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8 January 2018

Labour Ministry urged to implement ‘clear standards’ for expulsion of migrant workers

Author: Ana V. Ibáñez Prieto, The Jordan Times

A legal aid organisation based in Amman has urged the Ministry of Labour to implement “clear standards and mechanisms” for the expulsion of migrant workers after the arrest of 10,408 foreign labourers and the deportation of 6,558 of them over the past year, according to statistics issued by the ministry. “Tamkeen Fields for Aid recommends the Jordanian government to join the International Convention on the Protection of the Rights of Migrant Workers and Members of Their Families of 1990, to amend the national legislation accordingly, and for inspections of the working places of migrant workers to be increased,” the organisation stated [in] a press release... [T]he press release criticised [a decision] issued by the Minister of Labour preventing migrant workers from cancelling their work permits prior to the end of the work contract between them and the concerned employers, expressing that “it is an explicit violation of the right to work and the freedom of choice associated with it, and it also promotes forced labour as past experiences have clearly shown that some employers exploit workers in the name of the clearance”...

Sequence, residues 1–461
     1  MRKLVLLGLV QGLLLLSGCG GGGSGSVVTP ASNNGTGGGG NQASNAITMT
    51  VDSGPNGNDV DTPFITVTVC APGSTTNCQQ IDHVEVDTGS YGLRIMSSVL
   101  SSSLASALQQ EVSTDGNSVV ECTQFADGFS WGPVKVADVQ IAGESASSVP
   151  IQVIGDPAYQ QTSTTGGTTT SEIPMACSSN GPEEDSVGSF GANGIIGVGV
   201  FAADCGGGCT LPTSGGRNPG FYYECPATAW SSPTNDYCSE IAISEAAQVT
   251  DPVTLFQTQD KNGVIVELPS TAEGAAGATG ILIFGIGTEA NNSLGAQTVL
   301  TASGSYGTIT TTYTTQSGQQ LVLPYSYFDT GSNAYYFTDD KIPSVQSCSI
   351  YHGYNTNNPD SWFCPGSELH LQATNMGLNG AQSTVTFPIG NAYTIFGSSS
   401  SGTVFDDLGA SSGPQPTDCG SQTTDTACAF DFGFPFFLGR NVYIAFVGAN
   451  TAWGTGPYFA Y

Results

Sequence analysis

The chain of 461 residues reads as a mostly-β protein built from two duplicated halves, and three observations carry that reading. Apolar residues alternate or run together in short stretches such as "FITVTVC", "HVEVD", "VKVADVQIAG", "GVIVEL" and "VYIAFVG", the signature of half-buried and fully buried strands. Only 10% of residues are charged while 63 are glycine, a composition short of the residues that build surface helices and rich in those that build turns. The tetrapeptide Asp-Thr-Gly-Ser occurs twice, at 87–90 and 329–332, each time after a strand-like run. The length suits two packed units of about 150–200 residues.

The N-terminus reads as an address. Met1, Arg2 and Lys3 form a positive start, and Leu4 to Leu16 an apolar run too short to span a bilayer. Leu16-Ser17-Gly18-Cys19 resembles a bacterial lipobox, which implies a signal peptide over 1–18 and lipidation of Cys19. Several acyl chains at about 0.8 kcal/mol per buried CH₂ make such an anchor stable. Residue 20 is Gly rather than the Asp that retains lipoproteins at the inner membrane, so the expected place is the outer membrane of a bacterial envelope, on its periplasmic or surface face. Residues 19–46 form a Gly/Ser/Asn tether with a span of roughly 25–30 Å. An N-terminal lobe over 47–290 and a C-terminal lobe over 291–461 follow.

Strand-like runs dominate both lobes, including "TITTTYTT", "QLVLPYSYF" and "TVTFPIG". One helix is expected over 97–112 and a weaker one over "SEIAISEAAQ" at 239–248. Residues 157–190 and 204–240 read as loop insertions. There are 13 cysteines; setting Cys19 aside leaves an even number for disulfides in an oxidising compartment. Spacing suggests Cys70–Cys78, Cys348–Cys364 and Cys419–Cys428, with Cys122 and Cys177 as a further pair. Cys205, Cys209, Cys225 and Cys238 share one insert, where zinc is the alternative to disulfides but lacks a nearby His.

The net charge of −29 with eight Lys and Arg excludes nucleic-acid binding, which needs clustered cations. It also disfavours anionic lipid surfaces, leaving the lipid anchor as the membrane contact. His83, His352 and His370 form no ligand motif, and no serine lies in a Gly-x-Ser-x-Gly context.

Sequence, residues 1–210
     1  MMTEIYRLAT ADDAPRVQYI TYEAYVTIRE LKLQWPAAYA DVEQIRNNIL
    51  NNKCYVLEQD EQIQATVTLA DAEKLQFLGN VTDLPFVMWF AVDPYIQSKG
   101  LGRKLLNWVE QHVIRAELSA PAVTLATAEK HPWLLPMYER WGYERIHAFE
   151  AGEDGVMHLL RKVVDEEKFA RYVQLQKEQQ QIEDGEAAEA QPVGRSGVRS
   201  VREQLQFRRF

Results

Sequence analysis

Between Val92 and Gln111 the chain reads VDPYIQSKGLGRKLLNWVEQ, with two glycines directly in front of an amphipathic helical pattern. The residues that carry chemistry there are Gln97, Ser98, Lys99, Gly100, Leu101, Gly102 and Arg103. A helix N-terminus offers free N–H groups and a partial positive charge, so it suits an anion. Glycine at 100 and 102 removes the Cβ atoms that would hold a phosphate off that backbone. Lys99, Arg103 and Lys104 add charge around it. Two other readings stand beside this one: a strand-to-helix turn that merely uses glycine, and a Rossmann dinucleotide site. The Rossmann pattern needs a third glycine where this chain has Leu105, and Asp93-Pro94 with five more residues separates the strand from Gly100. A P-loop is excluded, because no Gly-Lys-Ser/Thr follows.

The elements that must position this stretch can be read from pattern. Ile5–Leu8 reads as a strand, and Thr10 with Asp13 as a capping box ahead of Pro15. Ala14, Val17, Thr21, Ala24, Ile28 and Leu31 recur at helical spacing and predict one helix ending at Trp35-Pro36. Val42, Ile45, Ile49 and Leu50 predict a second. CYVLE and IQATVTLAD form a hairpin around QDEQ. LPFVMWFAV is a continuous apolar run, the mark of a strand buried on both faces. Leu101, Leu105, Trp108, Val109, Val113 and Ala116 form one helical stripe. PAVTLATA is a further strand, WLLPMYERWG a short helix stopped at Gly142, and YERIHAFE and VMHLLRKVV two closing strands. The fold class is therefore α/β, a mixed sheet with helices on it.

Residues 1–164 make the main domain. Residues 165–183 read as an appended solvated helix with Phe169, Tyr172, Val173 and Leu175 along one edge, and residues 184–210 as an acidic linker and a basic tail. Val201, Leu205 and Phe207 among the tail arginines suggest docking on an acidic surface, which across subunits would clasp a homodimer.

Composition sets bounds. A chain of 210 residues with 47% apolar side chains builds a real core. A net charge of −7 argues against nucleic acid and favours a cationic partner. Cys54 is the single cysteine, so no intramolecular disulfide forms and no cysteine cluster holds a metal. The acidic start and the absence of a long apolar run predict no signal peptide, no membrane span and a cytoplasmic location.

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2 January 2018

Berlin Spends Over €400bln on Scheme to Employ Refugees in Middle East

Author: Sputnik International

The German government has created almost 20,000 jobs this year in Middle Eastern countries such as Lebanon, Jordan and Turkey, as part of its "cash for work" scheme that aims to stem migration from the Middle East to Europe. The new employment brings the number of jobs created by the scheme to 80,000. The German government spent €230 billion...on its "cash for work" plan in 2017 and has set aside another €180 billion for the coming year, German Federal Development Minister Gerd Mueller announced...[S]ome 13,000 jobs have been created in the recycling and waste disposal industries in Jordan, where [recycling] and composting facilities have been set up. In Lebanon, 6,000 workers were hired through the scheme to renovate apartments, and 25,000 workers are expected to help clear debris from towns and villages devastated by war, and make roads and paths passable again...Germany has [also] paid for 12,000 voluntary teachers to be recruited to teach 260,000 children in refugee camps and community schools in Turkey, while some 165,000 children in Lebanon are attending school as a result of the scheme.

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13 December 2017

Can Jordan get a million Syrians into work?

Author: Daniel Howden, Hannah Patchett and Charlotte Alfred, The Guardian (UK)